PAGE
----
Glasses E-Tailer Sees Results From E-Mail

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Debby Burk Optical, a marketer of reading glasses, used e-mail to promote a close-out sale of several dozen styles no longer manufactured by its suppliers.


"We want to move them out," said CEO Burton Burk, whose company carries the name of his wife. "There are about 300 styles available on our Web site, but 25 to 35 styles are no longer available. [Manufacturers produce them] for two or three years and then stop production."


The Plainview, NY, company placed "Warehouse Clearance Sale on Reading Glasses" in the subject line of the e-mail sent to 12,000 active customers on its house file. Numerous links and a generous use of photos and graphics were not part of the strategy. A photo of several pairs of glasses appeared under the words, "To our preferred customers only: WAREHOUSE CLEARANCE SALE." Recipients were directed to the Web site and an offer of 25 percent off an order of five pairs or more.


The e-mail ends with: "Wishing you all a happy & healthy New Year. Debby & Burt."


"Keep it simple and make it easy, that's our approach," he said. "Too much copy and you can forget it."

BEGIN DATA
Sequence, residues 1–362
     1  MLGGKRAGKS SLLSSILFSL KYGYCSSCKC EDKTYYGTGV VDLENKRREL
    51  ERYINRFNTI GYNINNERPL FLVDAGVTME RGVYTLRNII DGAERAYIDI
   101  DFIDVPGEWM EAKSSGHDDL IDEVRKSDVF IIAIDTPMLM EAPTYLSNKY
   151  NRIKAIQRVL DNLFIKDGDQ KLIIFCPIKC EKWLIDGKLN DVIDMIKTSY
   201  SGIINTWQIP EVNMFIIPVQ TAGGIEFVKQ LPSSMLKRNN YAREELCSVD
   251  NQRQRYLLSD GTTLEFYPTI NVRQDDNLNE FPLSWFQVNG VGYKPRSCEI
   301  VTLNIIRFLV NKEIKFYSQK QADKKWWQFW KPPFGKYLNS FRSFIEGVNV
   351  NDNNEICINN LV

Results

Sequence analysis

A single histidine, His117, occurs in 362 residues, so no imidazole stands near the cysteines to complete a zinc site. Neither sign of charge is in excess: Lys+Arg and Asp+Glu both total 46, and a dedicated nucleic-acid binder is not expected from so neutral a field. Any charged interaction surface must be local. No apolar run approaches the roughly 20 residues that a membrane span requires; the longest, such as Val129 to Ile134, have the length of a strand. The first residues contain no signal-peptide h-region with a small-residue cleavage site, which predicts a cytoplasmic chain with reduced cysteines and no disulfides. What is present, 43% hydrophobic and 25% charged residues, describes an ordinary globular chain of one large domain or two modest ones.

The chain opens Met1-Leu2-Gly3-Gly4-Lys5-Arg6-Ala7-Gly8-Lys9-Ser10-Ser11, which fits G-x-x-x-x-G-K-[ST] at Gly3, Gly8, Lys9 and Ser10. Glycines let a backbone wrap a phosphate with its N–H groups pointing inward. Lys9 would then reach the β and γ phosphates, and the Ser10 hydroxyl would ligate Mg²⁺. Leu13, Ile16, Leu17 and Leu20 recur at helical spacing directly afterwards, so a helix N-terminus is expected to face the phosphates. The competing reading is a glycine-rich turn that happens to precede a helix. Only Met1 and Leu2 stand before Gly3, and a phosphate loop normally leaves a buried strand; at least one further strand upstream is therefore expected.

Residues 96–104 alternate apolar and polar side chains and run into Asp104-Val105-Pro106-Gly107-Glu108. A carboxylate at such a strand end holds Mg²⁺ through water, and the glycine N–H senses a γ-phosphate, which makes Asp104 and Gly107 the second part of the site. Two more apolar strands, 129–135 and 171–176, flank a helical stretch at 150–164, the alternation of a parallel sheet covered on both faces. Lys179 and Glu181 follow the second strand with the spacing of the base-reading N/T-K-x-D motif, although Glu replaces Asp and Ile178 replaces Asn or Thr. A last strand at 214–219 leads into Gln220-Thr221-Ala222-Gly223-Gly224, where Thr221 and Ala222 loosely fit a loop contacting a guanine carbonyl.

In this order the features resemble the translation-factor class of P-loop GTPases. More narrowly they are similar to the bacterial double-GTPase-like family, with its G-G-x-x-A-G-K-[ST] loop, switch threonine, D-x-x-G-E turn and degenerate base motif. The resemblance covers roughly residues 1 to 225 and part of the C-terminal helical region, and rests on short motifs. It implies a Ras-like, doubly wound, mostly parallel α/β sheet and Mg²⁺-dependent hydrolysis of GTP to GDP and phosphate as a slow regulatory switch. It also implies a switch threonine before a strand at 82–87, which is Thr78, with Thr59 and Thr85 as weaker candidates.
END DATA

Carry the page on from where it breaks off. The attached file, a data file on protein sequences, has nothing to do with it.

Another approach is to stick with in-house lists.


"You don't know what you're getting when you buy lists," he said. "They're not trustworthy. We've tried it before, and it doesn't work.


"So far we have about 400 orders, and we usually get a good response from our e-mails. These are also people who come back with repeat orders. It's a good active list. It will produce sales for maybe 10 to 15 days because if they don't order immediately, they will print it out. After a couple of weeks they probably would have lost it. Within that period of time we should get 500 to 600 orders. That's very good. Any time you can even get 1 to 2 percent you're doing well."


The e-mail has produced an average order of $50.


The company has tried catalogs, but found them too expensive at $1.50 to $2 per book, Burk said.


About 60 percent of the company's customers are women.


"We get a lot of baby boomers and young people who get eyestrain, so our over-40 market is moving down to 30- and 35-year-olds," he said. "Due to increased computer usage, we're getting a lower market in terms of average age."


He said 90 percent of the company's orders are placed online with the rest coming via the toll-free number.


"I have ophthalmologists and optometrists buying from me and selling to their patients," he said. "A lot of people who have distance problems will buy a frame from us and take it to their optometrist since our optical frames can be used for those who have a prescription."


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